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COMMONWEALTH PENNSYLVANIA v. HORACE HETHERINGTON (01/27/75)

decided: January 27, 1975.

COMMONWEALTH OF PENNSYLVANIA, APPELLANT,
v.
HORACE HETHERINGTON, APPELLEE



COUNSEL

F. Emmett Fitzpatrick, Dist. Atty., Richard A. Sprague, 1st Asst. Dist. Atty., Steven H. Goldblatt, Asst. Dist. Atty., Chief, Appeals Division, Karl K. Lunkenheimer, Asst. Dist. Atty., James A. Shellenberger, Asst. Dist. Atty., Chief, Motions Div., Abraham J. Gafni, Deputy Dist. Atty. for Law, Philadelphia, for appellant.

Howard E. Davidson, Philadelphia, for appellee.

Jones, C. J., and O'Brien, Roberts, Pomeroy, Nix and Manderino, JJ. Roberts, J., would dismiss the appeal as improvidently granted. Eagen, J., took no part in the consideration or decision of this case.

Author: Nix

[ 460 Pa. Page 20]

OPINION OF THE COURT

Appellee, Horace Hetherington, a Title Inspector for the Commonwealth of Pennsylvania, was arrested on charges of blackmail,*fn1 extortion,*fn2 receiving a bribe,*fn3 malfeasance,*fn4 misfeasance,*fn5 and nonfeasance of office.*fn6 These charges stemmed from accusations made by a Philadelphia motor vehicle dealer that appellee had offered to "handle" certain irregularities on titles to vehicles owned by the dealer.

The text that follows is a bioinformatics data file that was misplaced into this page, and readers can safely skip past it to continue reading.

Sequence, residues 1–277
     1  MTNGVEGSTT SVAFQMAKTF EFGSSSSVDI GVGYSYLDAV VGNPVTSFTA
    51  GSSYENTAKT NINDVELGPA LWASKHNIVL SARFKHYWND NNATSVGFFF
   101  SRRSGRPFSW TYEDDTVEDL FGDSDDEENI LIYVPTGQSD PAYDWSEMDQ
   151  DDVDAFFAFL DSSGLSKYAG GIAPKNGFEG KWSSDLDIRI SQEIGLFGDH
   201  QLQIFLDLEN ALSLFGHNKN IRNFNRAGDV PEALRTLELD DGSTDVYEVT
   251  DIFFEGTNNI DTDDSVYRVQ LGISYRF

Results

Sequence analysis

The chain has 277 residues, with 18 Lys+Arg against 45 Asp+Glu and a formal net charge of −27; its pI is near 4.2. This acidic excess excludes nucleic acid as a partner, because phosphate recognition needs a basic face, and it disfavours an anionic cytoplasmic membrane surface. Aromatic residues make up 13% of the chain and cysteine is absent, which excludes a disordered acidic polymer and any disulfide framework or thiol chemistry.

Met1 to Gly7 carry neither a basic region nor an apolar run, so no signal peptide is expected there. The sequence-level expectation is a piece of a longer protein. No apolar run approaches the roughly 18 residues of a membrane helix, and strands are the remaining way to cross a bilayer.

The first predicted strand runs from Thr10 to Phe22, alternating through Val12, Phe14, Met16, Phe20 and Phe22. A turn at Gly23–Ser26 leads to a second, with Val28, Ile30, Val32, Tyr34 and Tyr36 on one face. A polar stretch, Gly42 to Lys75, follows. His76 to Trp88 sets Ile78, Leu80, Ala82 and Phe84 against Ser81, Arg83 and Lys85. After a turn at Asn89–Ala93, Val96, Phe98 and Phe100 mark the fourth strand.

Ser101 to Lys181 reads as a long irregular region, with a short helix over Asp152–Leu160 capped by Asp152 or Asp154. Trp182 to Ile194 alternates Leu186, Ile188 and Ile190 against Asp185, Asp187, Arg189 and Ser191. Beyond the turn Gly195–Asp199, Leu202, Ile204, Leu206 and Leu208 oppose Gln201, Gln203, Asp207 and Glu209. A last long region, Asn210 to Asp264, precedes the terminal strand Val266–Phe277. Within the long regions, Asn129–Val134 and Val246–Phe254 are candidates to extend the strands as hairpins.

Following a preliminary hearing the magistrate held appellee for action by the grand jury on charges of receiving a bribe, malfeasance, misfeasance, and nonfeasance

[ 460 Pa. Page 21]

    in office. The charges of blackmail and extortion were dismissed.

Appellee then filed a "Motion to Quash" as to the four charges upon which he was held. This motion was presented to a judge of the Court of Common Pleas, who, after a hearing, granted the motion. The Commonwealth then moved to rearrest appellee on all charges by way of a petition filed and heard by another judge of the same court.

The latter judge, believing that the doctrine of res judicata and the orderly administration of justice precluded one judge of the Court of Common Pleas from reversing the order of another, denied the petition without a hearing. The Superior Court affirmed and this Court granted allocatur.

The position of the Commonwealth may best be analyzed by considering first their claimed denial of a right to rearrest as to those charges initially discharged by the committing magistrate and then a consideration of their claim that the second common pleas judge should have reviewed the action of another judge of the same court who had determined a committing magistrate to be in error in making a finding of a prima facie case.

In Commonwealth ex rel. Maisenhelder v. Rundle, 414 Pa. 11, 15-16, 198 A.2d 565, 567 (1964), we described the function of a preliminary ...


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